Stay in touch: 7 designers share how they keep clients in the loop
Mia JohnsonTorrie Maas

GENUINE ENGAGEMENT

“I’m new as an ‘official’ firm, but I’m a certified Project Management Professional and spent years in that part of the business world, so that flows very easily into my design business. I start with a mood board, and as we move through the process, I’ll show some 2D renderings with the caveat, ‘This is not necessarily complete, but here’s where we are,’ or ‘This is how what you liked will be staged.’ Even if it’s a quick email and a copy of a design, it keeps them engaged. If it’s the type of client that I know would like to hear from me more often, I’ll email or Instagram message saying, ‘What do you think of this?’ even if I think I know the answer. It shows that I’m always thinking of their design, it makes them feel comfortable, and it keeps my creative juices flowing, too. Especially if I’m reaching out quickly on social media, I’m not looking at this as billable time. I signed a new client yesterday because she talked to a previous client—she told me, ‘You were the highlight of her life in this project,’ and it was because I’m in constant communication about where we are.” —Mia Johnson, West Bloomfield, Michigan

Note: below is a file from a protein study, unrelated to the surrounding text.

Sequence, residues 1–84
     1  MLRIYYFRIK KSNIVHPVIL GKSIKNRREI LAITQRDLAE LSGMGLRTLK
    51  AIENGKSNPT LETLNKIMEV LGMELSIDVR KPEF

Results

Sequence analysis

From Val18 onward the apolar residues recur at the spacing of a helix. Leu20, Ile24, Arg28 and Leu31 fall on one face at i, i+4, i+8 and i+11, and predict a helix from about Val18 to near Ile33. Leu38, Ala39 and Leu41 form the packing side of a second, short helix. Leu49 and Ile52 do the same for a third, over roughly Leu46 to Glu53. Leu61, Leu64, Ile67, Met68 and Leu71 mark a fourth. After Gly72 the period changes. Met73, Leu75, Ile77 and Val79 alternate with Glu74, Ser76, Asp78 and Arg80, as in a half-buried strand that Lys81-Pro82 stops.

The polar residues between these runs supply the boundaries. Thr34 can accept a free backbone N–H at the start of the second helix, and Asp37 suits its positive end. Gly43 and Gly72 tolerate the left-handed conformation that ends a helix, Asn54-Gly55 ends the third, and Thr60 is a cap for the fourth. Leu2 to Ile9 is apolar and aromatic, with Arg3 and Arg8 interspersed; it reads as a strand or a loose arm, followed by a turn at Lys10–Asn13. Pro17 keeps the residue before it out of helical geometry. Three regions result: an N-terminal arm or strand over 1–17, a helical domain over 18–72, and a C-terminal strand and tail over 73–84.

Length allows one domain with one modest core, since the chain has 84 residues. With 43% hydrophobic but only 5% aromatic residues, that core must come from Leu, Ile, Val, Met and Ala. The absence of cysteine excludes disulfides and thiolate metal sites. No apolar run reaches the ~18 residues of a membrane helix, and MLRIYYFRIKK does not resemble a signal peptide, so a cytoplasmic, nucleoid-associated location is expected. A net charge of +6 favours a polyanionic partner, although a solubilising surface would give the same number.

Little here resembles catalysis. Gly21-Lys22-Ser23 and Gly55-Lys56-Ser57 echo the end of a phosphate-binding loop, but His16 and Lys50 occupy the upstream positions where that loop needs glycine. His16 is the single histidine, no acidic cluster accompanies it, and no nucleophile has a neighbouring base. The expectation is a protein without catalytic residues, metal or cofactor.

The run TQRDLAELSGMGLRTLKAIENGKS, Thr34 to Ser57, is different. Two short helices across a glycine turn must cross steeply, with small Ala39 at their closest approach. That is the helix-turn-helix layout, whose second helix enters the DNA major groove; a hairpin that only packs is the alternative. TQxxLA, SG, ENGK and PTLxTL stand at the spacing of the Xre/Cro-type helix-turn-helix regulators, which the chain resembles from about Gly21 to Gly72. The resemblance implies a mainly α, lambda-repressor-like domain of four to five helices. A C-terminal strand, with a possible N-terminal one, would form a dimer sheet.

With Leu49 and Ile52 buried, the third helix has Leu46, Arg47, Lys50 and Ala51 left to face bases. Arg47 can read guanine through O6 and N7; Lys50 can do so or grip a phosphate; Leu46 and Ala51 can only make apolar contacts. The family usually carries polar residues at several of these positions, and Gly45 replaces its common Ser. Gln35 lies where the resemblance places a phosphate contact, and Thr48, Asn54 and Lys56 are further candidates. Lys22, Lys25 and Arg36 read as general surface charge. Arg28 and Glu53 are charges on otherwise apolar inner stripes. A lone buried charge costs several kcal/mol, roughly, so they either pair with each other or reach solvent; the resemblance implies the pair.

Stay in touch: 7 designers share how they keep clients in the loop
By giving clients access to her mood boards as she’s building them, Ashley Ross collects real-time feedback. For this recent project, she styled custom built-ins with a mix of family heirlooms and contemporary global accents.Tiffany Ringwald Photography
Stay in touch: 7 designers share how they keep clients in the loop
Ashley RossTiffany Ringwald Photography

SCREEN SHARING